Saharna, part 1

I keep telling myself that I’m going to publish at least one post a week here, but it never happens. Not for the lack of content, either – I’ve got such a backlog of photos to share with you all, it’s crazy. I’ll spare you the excuses, let’s get on with the post.

Last time I wrote about the corporate summer party of 2016 was in January. It’s August now, and the corporate summer party of 2017 has come and gone. It won’t be missed. I’ve got some photos of that as well, though, so… yeah. Some time this year.

Now. Saharna!

saharna (2)

The grand vessel that has transported us to the final point of our journey – Saharna. Saharna is a complex of religious and natural monuments. You pass by a monastery, then go into the woods, where you see the waterfalls, finally reaching the big one somewhere at the edge of the forest.

But let’s not get ahead of ourselves.

At first we must pass the adjacent village.

saharna (3)

saharna (4)

This is a typical inter-city/ village bus stop in these lands.

saharna (5)

You may have figured out by now that Moldova is quite a religious country, with 90%+ of the population being Christian. Most of these Christians are Orthodox Christian. Such crosses can be found in every village and town around Moldova.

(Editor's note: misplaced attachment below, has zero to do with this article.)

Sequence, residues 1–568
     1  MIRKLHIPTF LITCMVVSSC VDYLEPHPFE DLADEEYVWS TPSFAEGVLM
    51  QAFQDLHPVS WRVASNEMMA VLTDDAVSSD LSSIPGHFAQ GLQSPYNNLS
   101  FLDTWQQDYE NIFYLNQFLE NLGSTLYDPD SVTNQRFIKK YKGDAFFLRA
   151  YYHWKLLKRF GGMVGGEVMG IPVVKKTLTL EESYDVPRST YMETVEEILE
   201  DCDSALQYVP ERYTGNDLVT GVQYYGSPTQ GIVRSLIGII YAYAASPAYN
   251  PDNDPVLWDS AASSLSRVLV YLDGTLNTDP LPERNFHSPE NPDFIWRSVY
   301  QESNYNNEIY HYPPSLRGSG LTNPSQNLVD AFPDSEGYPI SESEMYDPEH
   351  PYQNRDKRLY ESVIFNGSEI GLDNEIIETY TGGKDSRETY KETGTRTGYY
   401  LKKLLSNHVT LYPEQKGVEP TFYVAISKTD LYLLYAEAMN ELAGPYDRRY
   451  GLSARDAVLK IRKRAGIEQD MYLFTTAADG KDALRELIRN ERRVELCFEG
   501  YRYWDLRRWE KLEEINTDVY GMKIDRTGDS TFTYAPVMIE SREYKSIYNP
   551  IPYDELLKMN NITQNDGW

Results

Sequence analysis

saharna (6)

saharna (7)

saharna (8)

My friend and I stopped to take dozens of photos, so we lost our group and, despite all the signs, our way. We had to ask some wise locals we stumbled across whether we were on the right path.

saharna (9)

The wise locals, however, were of no help.

saharna (10)

We bid them adieu and continued following the signs.

saharna (11)

This is a shop. We bought water there.

saharna (12)

A little further down the road we found another wise local to hassle.

saharna (13)

She was unmoved by our pleas to help us find our way.

saharna (14)

saharna (15)

With one quick glance over the shoulder, she went on with her business.

And they say Moldova is a hospitable country. ;-)

saharna (16)

Judging by the sign, this is a cafe, but we never entered.

saharna (17)

saharna (18)

After a little more wandering, we came close to our destination.

saharna (19)

saharna (20)

Before we could come in, a wild beast attacked my friend. Being the journalist that I am, I took all the pictures in the world instead of lending a helping hand.